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It’s time leaders democratize experimentation. Here are 4 ways how

Your teams are bursting with untapped ideas but need the tools—and the authority—to help drive continuous innovation, says this digital optimization CEO.

It’s time leaders democratize experimentation. Here are 4 ways how
[Source image: Tetiana Garkusha/iStock]
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It is no exaggeration to say that the fate of the world hangs on experimentation. Vaccinating the 7 or 8 billion people needed to stop COVID-19 will be a vast, interlocking set of experiments, not a monolithic achievement. Overcoming vaccine hesitancy and refining the way vaccines are stored, delivered, and administered as well as adjusting for cultural differences in reception are just a few of the variables involved. 

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Despite the scale, the vaccine rollout will proceed along the same lines as any other experiment. Anywhere in the world where you can see rapid and noticeable progress, whether it’s new software or better infrastructure, you can bet there is a rigorous experimentation process behind it.

So why is it that in our working life so many important decisions are not made on solid experimental footing? How can we make experimentation work everywhere, not just in science and high tech? Here are a few of the ways I’ve been able to successfully integrate an experimentation mindset into the way I and my teams operate every day.

Democratize experimentation

I guarantee you that there’s not a single person in your company who isn’t already hungry for the ability to try out new ideas and measure their effectiveness. Leaders don’t need to awaken this hunger. They just need to give their people the tools and permission to satisfy it. 

I guarantee you that there’s not a single person in your company who isn’t already hungry for the ability to try out new ideas and measure their effectiveness.”

For too long, we have held to a preconceived notion of who should be given permission to experiment. It’s either been for “people in white coats with beakers,” as Adam Grant says in his latest book, Think Again: The Power of Knowing What You Don’t Know, or those fully initiated into the mysteries of data and analytics. But this artificial limitation on who is allowed to experiment has done a disservice to other teams, like HR and marketing, who have just as strong of a need for continuous improvement.

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It’s one of the few silver linings of the pandemic that solid data is more accessible to everyone. For every bit of subjective input we have lost in our largely digital working environments, we have gained quantitative feedback loops to compensate. Digital spaces have also given us access to as many inputs as we want. After all, there’s no limit to the number of people you can invite into a digital room. 

If you’re in a leadership role, be intentional about encouraging your teams to find and rely on data and to experiment based on the feedback they’re regularly receiving. Empower them to uncover the most statistically significant paths forward for success. Assure them that, as long as you have reliable data, experimentation is the surest way forward.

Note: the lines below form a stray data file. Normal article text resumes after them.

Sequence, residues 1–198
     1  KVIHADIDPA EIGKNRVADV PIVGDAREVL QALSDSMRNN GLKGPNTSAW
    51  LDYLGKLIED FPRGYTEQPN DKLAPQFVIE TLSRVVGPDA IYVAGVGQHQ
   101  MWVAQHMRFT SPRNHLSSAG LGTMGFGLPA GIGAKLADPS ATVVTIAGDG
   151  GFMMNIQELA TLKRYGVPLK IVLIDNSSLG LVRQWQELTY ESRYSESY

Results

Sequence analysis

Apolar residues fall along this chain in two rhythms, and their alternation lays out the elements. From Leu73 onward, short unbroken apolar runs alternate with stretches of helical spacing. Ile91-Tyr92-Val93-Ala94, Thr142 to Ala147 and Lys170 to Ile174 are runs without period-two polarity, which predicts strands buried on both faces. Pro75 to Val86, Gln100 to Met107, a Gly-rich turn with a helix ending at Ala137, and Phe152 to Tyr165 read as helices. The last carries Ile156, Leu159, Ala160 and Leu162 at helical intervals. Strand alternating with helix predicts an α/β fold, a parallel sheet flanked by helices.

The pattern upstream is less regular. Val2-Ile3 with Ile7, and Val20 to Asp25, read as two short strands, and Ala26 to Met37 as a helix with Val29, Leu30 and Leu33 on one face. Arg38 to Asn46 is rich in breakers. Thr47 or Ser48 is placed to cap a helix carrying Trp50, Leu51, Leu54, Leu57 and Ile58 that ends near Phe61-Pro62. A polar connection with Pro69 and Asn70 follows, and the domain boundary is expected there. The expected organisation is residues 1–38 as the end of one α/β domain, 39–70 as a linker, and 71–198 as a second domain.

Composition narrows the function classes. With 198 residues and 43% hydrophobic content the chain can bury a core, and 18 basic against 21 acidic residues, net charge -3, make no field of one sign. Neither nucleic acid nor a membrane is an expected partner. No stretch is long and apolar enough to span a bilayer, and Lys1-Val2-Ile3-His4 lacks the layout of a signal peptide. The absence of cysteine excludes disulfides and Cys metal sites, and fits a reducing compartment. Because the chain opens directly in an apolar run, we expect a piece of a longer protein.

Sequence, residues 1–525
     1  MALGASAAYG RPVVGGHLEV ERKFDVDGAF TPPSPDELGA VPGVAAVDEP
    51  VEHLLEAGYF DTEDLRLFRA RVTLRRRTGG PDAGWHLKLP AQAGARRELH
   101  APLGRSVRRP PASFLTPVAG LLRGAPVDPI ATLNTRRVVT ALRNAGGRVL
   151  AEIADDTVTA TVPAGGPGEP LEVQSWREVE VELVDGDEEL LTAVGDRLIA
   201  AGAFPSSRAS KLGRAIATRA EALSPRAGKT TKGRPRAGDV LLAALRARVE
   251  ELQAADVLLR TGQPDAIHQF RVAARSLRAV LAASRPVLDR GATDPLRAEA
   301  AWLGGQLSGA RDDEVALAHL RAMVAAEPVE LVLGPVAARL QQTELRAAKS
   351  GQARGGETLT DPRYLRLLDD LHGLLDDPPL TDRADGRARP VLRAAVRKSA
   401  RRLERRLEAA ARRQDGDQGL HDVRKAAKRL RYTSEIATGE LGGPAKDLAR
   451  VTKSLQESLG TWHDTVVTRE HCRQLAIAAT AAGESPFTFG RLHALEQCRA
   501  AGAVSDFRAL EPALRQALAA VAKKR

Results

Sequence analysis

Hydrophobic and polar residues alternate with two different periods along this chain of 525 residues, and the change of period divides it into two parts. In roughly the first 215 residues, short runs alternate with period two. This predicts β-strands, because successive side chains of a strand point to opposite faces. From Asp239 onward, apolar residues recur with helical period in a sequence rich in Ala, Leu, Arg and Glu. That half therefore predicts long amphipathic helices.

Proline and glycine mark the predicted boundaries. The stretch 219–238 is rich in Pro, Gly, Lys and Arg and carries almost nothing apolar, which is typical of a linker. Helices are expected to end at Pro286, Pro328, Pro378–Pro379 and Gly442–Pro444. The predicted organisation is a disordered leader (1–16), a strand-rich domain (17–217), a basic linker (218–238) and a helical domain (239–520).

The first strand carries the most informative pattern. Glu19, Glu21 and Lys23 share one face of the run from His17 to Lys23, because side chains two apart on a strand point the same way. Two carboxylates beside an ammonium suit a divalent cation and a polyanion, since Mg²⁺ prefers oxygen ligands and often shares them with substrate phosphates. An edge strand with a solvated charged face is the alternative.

Congratulate your team when it doesn’t work

If you’ve come to the end of a project and it flops, stop and celebrate anyway. If you had a trusted framework for experimentation in place, you’ve just eliminated a strategic path forward, one you no longer have to spend the cognitive energy, time, and money to pursue. 

Congratulations are in order because it took rigor, honesty, and open communication from your team to get to this point. Encourage those qualities, and you’ll see experiments popping up everywhere.

Don’t forget to be qualitative, too

Steve Jobs famously said, “People don’t know what they want until you show it to them.” As much as we use data to inform our experimentation, it’s important not to rely on data and market research exclusively, as it can mislead you if it’s not weighted correctly. 

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So seek out creative and emotional input from your team and see to what extent it’s consistent with what your data is telling you. Today, there are a lot of off-the-shelf tools to help you do this. Whether it’s surveys or ways to gauge actual behavior, you’ll be able to discover more about what really works and what doesn’t. And if you’re measuring only one aspect of a process, you’re almost certainly not getting the full picture.

There’s no finish line

Experimentation is a process that requires constant and meticulous optimization. It never actually stops. That’s where much of the value in creation lies.

Take any company’s website, which is effectively the front door of the customer experience, especially today. You can treat it as a tactical IT project with a fixed start and end point, and you’ll end up with something that works for a while until it needs an overhaul. 

But if you set up some framework for experimentation, you can turn it into a source of data about how your customers or stakeholders see you. Adding some experimental element to any project allows you to build in added return on investment. And in a digitalizing world, that means most projects. Take a look at your professional (and even personal) life, and ask yourself, how can I take what I have to do and turn it into a way to discover what I should or what I can do in the future. Empower others to ask this question with you. From there, anything is possible. 


Alex Atzberger is the CEO of Optimizely, a tech company that helps organizations personalize and optimize digital customer experiences.

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